Android increases its grip, nothing else changes much
Aug 8, 2013
And you shouldn't worry too much if you're called Apple either. Such is the regularity of Apple's Summer announcements that the market expects a lull in the quarter before a launch - its numbers will likely surge if and when a new iPhone(s) and iPad(s) are revealed in the coming months.
As expected, though, Android is out front and still drawing away (albeit slowly - not much more share to gobble), with a 79.3 per cent share of the global smartphone market in Q2 of this year.
By now of course (according to none other than IDC itself), Windows should be readying itself for the final push into second place. That was according to numbers IDC bandied about a couple of years ago (in mid 2011, see - Windows Phone 7 is shrinking its way to the No. 2 spot by 2015) when it predicted that by 2015 Microsoft's Windows OS would be ranked at number two in the market - still behind Android but ahead of Apple and RIM (as was).
Only 18 months to go to 2015 and little sign of any late Microsoft surge. At the time IDC's projections were seen as perplexingly optimistic. Today they just look absurd.
Top Smartphone Operating Systems, Shipments, and Market Share, 2013 Q3 (Units in Millions)
2Q13 Unit Shipments
2Q13 Market Share
2Q12 Unit Shipments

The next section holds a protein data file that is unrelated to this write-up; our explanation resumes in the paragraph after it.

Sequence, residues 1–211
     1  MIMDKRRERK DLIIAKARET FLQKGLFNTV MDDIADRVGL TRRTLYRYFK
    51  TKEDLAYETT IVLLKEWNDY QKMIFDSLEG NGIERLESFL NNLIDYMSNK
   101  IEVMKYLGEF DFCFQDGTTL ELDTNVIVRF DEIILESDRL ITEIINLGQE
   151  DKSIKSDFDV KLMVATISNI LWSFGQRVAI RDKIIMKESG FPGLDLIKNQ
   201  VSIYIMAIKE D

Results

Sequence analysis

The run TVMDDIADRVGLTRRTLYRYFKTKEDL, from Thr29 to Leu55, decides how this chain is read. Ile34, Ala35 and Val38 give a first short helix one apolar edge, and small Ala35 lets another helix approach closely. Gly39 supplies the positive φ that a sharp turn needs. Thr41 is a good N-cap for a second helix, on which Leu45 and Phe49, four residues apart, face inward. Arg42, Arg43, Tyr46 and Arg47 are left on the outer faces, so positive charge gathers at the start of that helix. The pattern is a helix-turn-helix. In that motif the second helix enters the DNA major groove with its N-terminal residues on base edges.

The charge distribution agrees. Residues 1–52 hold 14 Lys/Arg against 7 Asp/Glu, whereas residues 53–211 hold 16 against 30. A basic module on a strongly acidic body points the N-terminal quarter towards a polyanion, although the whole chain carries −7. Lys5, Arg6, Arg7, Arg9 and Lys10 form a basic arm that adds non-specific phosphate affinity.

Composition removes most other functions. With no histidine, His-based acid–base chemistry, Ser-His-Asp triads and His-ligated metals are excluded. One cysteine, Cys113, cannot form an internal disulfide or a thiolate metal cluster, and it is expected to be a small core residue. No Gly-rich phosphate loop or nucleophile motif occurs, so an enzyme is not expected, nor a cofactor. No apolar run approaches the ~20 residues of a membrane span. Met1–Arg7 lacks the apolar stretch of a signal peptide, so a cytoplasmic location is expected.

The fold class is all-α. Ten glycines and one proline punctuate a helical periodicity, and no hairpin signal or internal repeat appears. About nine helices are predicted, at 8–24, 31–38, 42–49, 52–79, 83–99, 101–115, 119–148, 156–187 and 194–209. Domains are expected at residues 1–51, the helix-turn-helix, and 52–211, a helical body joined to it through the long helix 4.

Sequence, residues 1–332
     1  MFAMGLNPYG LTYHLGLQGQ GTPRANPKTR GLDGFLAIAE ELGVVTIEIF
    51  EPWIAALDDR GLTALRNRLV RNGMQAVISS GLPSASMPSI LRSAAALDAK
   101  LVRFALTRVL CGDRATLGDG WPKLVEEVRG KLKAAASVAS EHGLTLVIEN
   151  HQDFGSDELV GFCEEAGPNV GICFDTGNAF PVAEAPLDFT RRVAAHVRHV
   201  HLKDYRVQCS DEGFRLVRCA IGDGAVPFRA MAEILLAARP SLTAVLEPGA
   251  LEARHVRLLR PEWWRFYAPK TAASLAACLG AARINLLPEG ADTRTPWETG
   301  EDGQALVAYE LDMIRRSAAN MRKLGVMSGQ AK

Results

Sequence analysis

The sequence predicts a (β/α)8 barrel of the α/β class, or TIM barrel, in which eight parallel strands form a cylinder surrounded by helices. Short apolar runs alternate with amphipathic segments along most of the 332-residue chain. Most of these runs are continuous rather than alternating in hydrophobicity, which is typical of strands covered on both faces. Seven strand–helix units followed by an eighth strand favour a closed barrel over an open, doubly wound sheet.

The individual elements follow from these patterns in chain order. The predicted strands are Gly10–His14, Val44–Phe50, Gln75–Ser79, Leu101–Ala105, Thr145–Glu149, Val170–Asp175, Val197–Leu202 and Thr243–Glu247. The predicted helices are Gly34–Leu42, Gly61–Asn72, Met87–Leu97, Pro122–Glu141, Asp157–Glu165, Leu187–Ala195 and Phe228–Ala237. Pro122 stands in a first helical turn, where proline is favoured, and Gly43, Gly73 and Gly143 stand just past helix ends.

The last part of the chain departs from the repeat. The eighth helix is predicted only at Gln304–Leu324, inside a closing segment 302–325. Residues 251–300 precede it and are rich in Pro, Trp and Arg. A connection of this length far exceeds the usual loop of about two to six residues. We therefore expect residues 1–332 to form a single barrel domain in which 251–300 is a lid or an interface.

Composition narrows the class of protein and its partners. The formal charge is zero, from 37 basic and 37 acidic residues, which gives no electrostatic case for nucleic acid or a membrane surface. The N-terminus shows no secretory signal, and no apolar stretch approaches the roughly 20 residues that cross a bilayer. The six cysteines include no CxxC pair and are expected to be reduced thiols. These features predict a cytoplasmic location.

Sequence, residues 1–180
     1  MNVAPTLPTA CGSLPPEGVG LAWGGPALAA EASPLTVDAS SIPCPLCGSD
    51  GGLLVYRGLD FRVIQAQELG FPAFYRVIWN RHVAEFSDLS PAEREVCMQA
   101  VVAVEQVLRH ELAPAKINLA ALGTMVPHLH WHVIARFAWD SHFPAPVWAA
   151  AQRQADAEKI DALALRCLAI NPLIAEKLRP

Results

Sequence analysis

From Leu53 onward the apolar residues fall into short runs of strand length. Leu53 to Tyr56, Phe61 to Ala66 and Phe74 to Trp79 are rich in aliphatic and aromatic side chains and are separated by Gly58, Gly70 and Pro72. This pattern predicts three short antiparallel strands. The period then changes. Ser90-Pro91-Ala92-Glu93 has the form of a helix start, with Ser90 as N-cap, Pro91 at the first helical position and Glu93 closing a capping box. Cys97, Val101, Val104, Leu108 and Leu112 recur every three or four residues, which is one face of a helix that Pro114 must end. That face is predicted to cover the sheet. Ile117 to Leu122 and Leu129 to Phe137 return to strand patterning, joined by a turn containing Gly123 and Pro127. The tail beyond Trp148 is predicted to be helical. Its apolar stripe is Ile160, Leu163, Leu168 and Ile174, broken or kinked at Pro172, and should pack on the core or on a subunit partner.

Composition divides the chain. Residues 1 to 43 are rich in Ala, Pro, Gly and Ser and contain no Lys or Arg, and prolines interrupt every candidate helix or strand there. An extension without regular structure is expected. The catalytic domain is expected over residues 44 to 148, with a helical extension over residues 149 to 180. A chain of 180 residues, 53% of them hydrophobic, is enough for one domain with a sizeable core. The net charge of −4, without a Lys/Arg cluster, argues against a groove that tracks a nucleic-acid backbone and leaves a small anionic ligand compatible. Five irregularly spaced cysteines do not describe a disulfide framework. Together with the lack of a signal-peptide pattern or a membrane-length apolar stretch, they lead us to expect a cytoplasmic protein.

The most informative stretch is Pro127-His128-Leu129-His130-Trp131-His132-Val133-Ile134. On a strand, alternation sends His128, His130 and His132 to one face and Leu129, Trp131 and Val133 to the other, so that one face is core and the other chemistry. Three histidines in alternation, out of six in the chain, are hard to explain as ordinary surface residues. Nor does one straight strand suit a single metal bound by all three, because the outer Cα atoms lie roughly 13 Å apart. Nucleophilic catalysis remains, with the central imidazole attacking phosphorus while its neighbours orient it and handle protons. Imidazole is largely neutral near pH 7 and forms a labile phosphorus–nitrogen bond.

2Q12 Market Share
But of course it's really the same old boring Android story: another quarter another 100 - 200 million Androids as Samsung in particular continues to take the global market by storm. It has significant help from the likes of LG, Huawei, Lenovo, and ZTE, which each recorded double-digit shipment volumes and together accounted for 62.5 per cent of all Android-powered smartphone shipments during the quarter.
Still putting a brave face on the Windows fiasco, IDC points out that MS posted the largest year on year OS increase, which still seems like painting a slightly too-rosy picture - we're talking about a tiny little single digit market share, just ahead of Blackberry with Nokia now the only major vendor.
Blackberry, says IDC, saw its market share decline during the quarter, reaching levels not seen in the history of IDC's Mobile Phone Tracker. While the 'others' are fading right out. Symbian, still selling 6.5 million units in Q2 last year (more than Windows) but now at vanishing point, and Linux, once held as a likely contender in the smartphone OS race, now finally fading out.